By Kenton Rambsy
Here’s a checklist of free digital software programs and tools that I’ve found useful.
Google Ngram charts the numbers of times an n-gram (a character or characters that stands for a word or group of words) appears in Google’s collection of texts published between 1500 – 2012. Google Ngram is useful for tracking the prominence of specific people, subjects, and locations overtime in print publications from Google’s database.
NYT Chronicle identifies the number of times a particular word or phrase appears in the New York Times from 1851 to the present. The program creates a timeline where the frequency of the word is plotted on a graph in relation to how many times it appeared in the newspaper. NYT Chronicle is useful for tracking the coverage of various subjects from the newspaper over time.
Rap Stats scans a massive online database of rap music from 1988 to the present and identifies words or phrases from song lyrics. Rap Stats can assist scholars interested in tracking the rise and fall of terminology over the course of rap history.
Google Trends: This tool tracks the use of a specific word or phrase in relation to how many times people searched the word on Google’s search engine from 2004 to the present. The website produces a number of visualizations such as a line graph that charts topic frequency and a heat map that shows the regularity of the terms that have been searched worldwide. Scholars might find the tool helpful for tracking keywords and subjects pertaining to African American literary studies.
Metacanon: Metacanon is an interactive database that measures the frequency of citations literary works receive in scholarly journals. This tool is useful for gauging the prominence and ranking of literary works over an extended period of time.
Data Visualization/ Content Management
Tableau Public is free software that helps users turn raw data and metadata into discernible visualizations. Tableau Public can assist scholars interested in converting quantitative and geographic data into discernable charts that can be used to convert specialized research into discernable graphics.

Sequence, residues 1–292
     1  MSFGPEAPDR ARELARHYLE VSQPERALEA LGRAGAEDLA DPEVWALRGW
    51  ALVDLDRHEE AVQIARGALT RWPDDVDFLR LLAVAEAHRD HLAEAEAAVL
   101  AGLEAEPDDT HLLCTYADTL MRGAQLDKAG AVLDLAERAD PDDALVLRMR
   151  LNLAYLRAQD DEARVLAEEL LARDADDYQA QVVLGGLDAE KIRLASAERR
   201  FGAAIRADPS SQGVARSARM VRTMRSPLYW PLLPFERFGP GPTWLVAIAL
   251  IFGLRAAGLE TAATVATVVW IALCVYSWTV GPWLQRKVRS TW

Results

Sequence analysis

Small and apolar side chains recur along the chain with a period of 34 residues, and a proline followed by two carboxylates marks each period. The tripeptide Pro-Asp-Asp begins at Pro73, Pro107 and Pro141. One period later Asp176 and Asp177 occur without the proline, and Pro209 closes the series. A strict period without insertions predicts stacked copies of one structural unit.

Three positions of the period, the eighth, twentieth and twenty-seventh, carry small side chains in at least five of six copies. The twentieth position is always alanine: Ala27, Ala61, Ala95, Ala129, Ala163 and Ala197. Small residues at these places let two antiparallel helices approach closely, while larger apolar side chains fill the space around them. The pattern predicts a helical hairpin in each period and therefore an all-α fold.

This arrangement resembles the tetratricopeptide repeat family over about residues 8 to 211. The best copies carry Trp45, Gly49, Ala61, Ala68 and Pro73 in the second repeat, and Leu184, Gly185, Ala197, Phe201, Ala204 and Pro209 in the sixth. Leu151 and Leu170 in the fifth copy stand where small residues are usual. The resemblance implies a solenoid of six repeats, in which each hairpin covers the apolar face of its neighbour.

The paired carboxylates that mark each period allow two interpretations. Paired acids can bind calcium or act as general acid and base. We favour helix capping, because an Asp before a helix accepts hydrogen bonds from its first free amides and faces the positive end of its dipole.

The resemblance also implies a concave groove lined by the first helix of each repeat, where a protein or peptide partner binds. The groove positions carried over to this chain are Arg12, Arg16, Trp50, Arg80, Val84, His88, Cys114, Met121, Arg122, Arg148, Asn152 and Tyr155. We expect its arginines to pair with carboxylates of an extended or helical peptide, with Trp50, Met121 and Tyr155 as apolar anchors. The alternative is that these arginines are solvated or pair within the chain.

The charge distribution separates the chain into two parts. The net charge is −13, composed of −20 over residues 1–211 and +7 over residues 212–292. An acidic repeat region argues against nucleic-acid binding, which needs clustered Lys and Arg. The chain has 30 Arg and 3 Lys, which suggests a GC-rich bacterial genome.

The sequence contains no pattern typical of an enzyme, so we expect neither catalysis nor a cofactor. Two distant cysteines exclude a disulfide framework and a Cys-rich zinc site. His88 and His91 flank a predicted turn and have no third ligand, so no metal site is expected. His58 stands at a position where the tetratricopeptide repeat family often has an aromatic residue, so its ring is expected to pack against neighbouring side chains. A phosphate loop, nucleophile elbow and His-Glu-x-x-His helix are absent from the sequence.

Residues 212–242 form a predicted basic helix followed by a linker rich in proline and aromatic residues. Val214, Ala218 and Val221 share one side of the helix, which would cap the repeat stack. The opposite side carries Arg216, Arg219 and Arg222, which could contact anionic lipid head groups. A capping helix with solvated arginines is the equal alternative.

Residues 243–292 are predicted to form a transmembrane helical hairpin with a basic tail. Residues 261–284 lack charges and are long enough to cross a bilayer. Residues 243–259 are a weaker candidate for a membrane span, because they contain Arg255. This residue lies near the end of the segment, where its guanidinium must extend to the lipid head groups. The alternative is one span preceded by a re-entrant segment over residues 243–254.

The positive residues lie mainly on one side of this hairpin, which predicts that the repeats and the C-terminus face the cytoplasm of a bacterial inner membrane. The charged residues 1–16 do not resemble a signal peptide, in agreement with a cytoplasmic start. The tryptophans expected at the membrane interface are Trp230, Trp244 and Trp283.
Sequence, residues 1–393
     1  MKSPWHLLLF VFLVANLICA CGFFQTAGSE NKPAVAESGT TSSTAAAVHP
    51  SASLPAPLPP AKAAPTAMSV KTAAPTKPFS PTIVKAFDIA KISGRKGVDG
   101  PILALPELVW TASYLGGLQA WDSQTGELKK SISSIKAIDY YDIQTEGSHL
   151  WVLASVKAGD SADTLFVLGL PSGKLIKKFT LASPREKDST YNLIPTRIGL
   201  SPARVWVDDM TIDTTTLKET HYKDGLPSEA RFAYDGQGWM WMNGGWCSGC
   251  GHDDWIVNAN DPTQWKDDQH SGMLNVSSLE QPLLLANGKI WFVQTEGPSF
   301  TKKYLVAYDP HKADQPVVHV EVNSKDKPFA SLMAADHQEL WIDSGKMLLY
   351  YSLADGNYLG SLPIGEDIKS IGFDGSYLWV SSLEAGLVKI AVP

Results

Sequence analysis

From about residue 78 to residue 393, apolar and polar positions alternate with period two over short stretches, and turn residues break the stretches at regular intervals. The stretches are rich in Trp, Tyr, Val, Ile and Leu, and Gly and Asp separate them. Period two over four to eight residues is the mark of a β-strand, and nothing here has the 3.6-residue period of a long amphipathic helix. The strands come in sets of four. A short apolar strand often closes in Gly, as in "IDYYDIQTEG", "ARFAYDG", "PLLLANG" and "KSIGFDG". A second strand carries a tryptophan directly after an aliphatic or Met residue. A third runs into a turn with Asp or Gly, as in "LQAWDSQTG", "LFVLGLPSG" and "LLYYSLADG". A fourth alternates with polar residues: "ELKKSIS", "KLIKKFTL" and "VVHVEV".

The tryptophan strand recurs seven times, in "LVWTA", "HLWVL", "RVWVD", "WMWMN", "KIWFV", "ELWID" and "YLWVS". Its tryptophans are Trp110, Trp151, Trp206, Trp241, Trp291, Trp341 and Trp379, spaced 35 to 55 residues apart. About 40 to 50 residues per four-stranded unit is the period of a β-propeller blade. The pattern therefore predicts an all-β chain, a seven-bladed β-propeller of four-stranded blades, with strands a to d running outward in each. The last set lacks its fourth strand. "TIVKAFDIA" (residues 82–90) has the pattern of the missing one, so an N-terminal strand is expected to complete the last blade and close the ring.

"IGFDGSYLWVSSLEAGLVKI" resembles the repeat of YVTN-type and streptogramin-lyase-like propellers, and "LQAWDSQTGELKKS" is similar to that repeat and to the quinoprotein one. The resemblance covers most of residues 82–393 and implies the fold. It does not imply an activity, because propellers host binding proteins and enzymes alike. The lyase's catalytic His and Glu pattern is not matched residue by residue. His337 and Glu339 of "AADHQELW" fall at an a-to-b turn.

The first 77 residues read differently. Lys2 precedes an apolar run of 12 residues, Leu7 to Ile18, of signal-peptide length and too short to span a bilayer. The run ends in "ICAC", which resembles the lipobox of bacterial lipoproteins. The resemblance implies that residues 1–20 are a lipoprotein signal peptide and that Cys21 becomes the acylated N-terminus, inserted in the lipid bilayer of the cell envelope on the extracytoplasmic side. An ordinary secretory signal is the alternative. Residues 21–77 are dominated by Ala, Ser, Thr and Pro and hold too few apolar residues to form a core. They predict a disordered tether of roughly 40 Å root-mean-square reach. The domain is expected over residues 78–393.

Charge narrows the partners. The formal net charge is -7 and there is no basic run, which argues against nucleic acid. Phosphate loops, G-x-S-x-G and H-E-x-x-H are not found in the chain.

Omeka is a content management system for creating online digital collections. Omeka can assist scholars interested in creating public exhibits, assigning metadata for cultural artifacts, and producing interactive timelines.
Google Fusion Tables is a data management system for gathering, storing, sharing, and visualizing datasets. Google Fusion Tables can assist scholars interested in collecting transforming quantitative data into visualizations used for literary analysis.
Google Chart Tools provides several tools for making data more comprehensible. This program allows users to create interactive pie charts, line graphs, area charts, tree maps, and a host of other data visualizations. This program is useful for creating visualizations to convert quantitative data regarding African American literature into discernable graphics for literary analysis.
Venngage is a data visualization program that allows users to convert quantitative data into accessible graphics. This software is useful for displaying various trends in literature and history.
Wordle is a program that allows users to generate “word clouds” from text documents you upload. This program is useful when creating a data visualization of a specific by scaling the size of words depending on the number of times words appear in a given document.
VoiceThread is a multimedia slideshow that allows users to leave comments on images, documents, and videos. This program is useful for collaborative projects and sharing information on a multimedia platform.
Text Mining Software
Voyant Tools is a free, web-based, text analysis and visualization toolset that enumerates words in a text or series of texts, categorizes the words, and also pinpoints word densities. Scholars seeking to analyze multiple texts in a single instance and identify recurring patterns and shifts could benefit by utilizing this tool.
AntConc is a freeware corpus linguistic toolkit that allows users to derive a variety of information from text documents. This program is useful when tracking the frequency of specific words and also pinpointing what other words or phrases are most likely to appear alongside one another in a given document.
Hypothes.is is an open-sourced project that aims to collect annotations made on any web-based content. This tool is useful for collaborating, organizing research, and taking personal notes about specific texts.
Genius is a database of texts that allows users to annotate specific words or lines in documents to clarify its meaning. This website is useful for collaborative annotation projects and clarifying specific passages of literary texts.
• "Seshat: A Digital Humanities Initiative" at Howard University
• The African American Literary Studies Lab